Emergency Room Career Options and Education Requirements
Providing patients with diagnosis and treatment, emergency rooms are primary care facilities that handle a wide range of urgent conditions. In ERs, emergency medical technicians bring patients into the care of doctors and nurses. Careers in emergency medicine require various amounts of education. Health care providers in emergency rooms work under time constrictions and perform triage, the prioritization of patients and medical supplies.
Emergency Room Physicians
In emergency rooms (ERs), doctors perform medical tests on patients in order to diagnose conditions such as poisoning or heart attack. Emergency room physicians also write prescriptions and perform complicated medical procedures, such as suturing deep cuts. One of the most important functions of emergency room doctors is triage: evaluating patients to determine who needs help most urgently. This allows them to maximize the efficiency of treatment and medical supplies.
There are relatively few ER doctors. According to the American Medical Association (www.ama.org), nearly four percent of doctors are emergency medicine physicians. Employment opportunities for physicians may expand significantly in the near future. The U.S. Bureau of Labor Statistics predicts that the number of doctors working in the U.S. will grow 22% between 2008 and 2018.
Someone interested in becoming an emergency room physician must complete substantial amounts of formal education. Students applying to medical school generally earn a bachelor's degree in a science field, like chemistry or biology. Near the end of their undergraduate coursework, students must take the Medical College Admission Test (MCAT) as they apply to medical school.
Medical school applications are strongly competitive. According to the Association of American Medical Colleges, in 2009, only 43.5% of medical school applicants became medical students. Students pursuing a Doctor of Medicine (M.D.) degree take intensive courses in anatomy, biochemistry and pharmacology. Following medical school, emergency room-bound doctors complete an emergency medicine residency program lasting three or more years.
Licensure and Certification
After finishing all education and residency requirements, aspiring doctors are required to maintain extensive licensing requirements. All physicians must pass the United States Medical Licensing Examination (USMLE). They commonly maintain licensure with their state's government every few years by submitting proof of continuing education study they performed.
Specialty certification through the American Board of Emergency Medicine (ABEM) requires doctors to complete written and oral examinations. They receive either the Emergency Medicine Initial Certification (EMIC) or the Emergency Medicine Continual Certification (EMCC).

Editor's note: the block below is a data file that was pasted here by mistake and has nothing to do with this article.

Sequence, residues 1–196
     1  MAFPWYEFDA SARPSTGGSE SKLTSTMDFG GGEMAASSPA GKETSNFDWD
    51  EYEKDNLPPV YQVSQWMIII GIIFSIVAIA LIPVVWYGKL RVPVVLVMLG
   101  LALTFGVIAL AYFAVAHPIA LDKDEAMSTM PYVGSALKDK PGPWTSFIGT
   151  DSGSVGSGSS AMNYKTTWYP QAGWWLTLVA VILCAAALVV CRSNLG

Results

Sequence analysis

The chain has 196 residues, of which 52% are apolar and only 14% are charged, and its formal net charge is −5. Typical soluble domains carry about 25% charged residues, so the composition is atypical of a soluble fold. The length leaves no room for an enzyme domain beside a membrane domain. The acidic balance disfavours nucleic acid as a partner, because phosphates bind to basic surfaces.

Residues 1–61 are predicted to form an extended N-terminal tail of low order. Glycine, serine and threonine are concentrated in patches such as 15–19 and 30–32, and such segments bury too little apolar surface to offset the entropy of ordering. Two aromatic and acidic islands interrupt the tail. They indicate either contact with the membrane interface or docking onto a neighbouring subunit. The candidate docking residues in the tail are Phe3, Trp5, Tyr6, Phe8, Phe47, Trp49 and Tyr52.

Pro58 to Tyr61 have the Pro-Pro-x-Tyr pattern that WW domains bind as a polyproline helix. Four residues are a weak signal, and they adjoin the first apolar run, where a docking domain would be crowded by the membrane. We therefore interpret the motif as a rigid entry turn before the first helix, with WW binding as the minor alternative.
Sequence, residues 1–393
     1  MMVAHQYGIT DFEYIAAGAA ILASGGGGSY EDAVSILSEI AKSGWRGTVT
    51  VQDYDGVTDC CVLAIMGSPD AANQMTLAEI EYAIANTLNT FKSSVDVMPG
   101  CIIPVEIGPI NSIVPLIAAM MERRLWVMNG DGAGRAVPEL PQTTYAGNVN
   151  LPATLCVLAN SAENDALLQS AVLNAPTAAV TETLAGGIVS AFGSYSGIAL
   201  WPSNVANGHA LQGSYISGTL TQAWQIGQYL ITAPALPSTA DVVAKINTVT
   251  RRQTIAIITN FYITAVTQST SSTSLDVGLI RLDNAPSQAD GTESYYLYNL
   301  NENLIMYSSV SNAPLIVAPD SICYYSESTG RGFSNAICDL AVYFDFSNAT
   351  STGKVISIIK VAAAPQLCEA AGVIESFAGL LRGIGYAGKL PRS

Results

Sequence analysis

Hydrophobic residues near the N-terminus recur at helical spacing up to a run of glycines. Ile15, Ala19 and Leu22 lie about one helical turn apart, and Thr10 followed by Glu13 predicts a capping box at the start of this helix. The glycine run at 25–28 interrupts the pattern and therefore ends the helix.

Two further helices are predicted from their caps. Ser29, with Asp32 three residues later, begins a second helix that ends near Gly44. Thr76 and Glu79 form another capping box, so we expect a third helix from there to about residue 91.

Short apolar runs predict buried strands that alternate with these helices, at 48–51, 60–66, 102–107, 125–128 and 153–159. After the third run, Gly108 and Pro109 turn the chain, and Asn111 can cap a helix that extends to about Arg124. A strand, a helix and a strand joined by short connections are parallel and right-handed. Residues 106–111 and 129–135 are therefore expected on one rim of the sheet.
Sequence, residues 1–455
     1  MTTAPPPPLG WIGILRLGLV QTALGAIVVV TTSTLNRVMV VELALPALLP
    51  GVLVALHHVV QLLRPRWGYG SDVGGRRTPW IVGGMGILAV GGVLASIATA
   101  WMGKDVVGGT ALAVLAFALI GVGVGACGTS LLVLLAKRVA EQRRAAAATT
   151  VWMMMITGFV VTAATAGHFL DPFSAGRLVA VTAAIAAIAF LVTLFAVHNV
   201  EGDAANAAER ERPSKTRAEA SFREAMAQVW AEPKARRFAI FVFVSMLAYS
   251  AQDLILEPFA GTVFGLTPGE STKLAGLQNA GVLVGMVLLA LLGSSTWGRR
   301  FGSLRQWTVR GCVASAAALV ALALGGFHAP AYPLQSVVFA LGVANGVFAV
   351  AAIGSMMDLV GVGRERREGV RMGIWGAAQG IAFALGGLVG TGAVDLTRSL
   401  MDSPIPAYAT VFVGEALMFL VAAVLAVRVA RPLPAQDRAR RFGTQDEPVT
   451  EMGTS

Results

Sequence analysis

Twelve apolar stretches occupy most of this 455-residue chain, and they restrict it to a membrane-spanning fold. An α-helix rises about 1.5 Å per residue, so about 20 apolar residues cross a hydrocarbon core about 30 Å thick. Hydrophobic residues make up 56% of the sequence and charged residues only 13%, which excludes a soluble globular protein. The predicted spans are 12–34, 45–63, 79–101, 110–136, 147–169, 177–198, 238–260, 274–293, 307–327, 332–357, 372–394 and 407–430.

Emergency Room Nurses
Much of the work in emergency rooms is actually performed by skilled nurses. Emergency room nurses are tasked with general patient care in a busy, fast-paced scenario. They keep track of medical records and distribute medication to patients. Nurses also assist doctors in the diagnosis and management of patients during triage. They must know how to care for patients with severe trauma, such as head or spinal injuries, without further injuring them.
Typical salaries for emergency room nurses across the country ranged from $60,000 to $77,000 in early 2010, reports SalaryExpert.com. The nursing workforce is expected to grow significantly in the next few years. The BLS says the number of available jobs for registered nurses will likely increase 22% between 2008 and 2018.
People who want to try emergency room nursing are required to earn either an associate's degree or a bachelor's degree. The Commission on Collegiate Nursing Education and the National League for Nursing Accrediting Commission are the two agencies which can confer accreditation on nursing programs.
Licensure and Certification
Upon completion of undergraduate education, registered nurses must pass a licensing examination administered by the National Council of State Boards of Nursing. Nursing licenses can typically be renewed through continuing education courses. Specialty certification for work in emergency rooms is available by passing an examination. The Certified Emergency Nurse credential is conferred by the Emergency Nurses Association (ENA).
Emergency Medical Technicians
Emergency medical technicians (EMTs) are responsible for transporting trauma victims and patients to the emergency room in ambulances. EMTs also attempt to stabilize severely injured patients if the need arises.
The overall employment outlook for emergency medical technicians is very stable. The BLS expects job openings for EMTs to increase nine percent between 2008 and 2018. Emergency medical technicians earned a median hourly wage of $14.10 in May 2008.
A would-be emergency medical technician needs to graduate from high school. Vocational schools and community colleges are both good places to get EMT education. An emergency medical technician can proceed through three levels of training programs: EMT-Basic, EMT-Intermediate and EMT-Paramedic. EMT-Basic training is a necessity for applicants to paramedic programs. All individuals interested in becoming emergency medical technicians must complete a licensing exam to begin professional practice.
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